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I was on 95 north yesterday behind a big rig doing 58mph. I didn't see that truck moving to the left to let any of the rigs doing 75mph pass. The faster trucks changed lane and went around on the left just like all the cars.The rig I was following did move to the left when there was a fire truck with flashing lights on the side of the road,then moved back over once past.My exit was immediately past that so I just shifted to neutral and rolled by and up the exit ramp.
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Old 05-07-2008, 05:45 AM   #93
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Quote:
Originally Posted by diver1972 View Post
How does slowing down (while still in the travel lane with someone "riding your bumper"), then pulling off onto an unpaved (and likely a small drop-off/uneven) surface (where loss of control could be a factor), and then merging back into the travel lane (across the same drop-off/uneven transition) enhance your own safety?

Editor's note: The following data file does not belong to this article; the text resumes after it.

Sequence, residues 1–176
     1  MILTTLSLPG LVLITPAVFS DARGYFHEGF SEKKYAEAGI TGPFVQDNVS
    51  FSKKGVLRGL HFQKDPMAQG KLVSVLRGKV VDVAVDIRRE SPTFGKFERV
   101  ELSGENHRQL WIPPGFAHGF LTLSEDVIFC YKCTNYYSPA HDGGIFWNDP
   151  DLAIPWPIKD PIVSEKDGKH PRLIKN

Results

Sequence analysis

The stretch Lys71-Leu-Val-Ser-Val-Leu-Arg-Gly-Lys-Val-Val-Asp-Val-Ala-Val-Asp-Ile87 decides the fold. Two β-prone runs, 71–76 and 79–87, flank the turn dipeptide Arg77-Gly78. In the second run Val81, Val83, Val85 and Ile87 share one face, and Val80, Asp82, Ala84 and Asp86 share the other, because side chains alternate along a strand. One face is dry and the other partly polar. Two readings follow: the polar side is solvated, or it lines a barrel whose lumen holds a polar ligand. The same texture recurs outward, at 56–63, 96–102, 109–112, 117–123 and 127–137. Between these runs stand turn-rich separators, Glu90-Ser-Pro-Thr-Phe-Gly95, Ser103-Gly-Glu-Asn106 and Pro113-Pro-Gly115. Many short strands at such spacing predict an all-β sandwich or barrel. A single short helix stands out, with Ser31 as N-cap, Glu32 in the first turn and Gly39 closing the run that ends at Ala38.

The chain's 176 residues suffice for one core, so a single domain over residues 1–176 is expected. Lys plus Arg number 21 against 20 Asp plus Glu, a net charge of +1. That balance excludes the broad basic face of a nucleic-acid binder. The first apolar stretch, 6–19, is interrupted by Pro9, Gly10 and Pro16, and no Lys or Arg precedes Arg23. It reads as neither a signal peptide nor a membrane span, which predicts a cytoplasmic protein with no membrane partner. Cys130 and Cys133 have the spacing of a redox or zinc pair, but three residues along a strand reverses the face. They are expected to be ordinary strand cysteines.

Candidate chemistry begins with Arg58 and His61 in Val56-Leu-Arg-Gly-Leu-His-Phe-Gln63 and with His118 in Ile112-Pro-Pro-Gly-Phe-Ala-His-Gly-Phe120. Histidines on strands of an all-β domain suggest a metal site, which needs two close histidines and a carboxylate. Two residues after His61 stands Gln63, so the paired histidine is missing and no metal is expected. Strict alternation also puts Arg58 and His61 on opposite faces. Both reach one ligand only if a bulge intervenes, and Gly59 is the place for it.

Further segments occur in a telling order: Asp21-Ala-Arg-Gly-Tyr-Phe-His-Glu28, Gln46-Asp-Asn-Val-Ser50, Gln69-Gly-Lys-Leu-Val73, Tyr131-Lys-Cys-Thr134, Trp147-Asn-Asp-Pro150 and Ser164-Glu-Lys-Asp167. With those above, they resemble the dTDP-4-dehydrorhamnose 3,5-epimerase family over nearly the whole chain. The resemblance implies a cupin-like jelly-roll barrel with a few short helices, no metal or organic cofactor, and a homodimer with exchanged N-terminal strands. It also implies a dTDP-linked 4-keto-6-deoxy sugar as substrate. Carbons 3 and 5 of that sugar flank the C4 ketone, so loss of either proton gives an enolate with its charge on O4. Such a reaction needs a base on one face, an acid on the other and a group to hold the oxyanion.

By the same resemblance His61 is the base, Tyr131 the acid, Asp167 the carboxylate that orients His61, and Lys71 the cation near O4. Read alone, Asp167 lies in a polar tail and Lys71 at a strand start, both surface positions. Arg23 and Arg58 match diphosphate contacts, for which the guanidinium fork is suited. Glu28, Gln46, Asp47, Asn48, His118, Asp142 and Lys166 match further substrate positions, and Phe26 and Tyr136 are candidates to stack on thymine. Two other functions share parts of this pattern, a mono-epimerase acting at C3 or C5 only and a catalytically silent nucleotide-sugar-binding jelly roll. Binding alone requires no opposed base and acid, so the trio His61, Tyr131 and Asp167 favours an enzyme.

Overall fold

This one is obvious even to me, someone who doesn't do it. It enhances your own safety by getting the dangerous driver away from you.

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I still don't understand this. There are more than a few other vehicles on most any highway that don't regularly travel at least 65mph (e.g. RVs, some light trucks/vans pulling U-Haul or other cargo trailers). The "big rig" is presumably changing lanes to pass (i.e. go around) them, so why shouldn't he do this for you?
The big rig driver expects RVs and U-hauls to be going 20mph under. He does NOT expect a car to be doing that, and even a well-trained driver in good condition can very suddenly find himself a lot closer to that car than he would have gotten had he known its low speed earlier. We're talking about falliable humans here, not robots operating based on rules from a textbook.

Quote: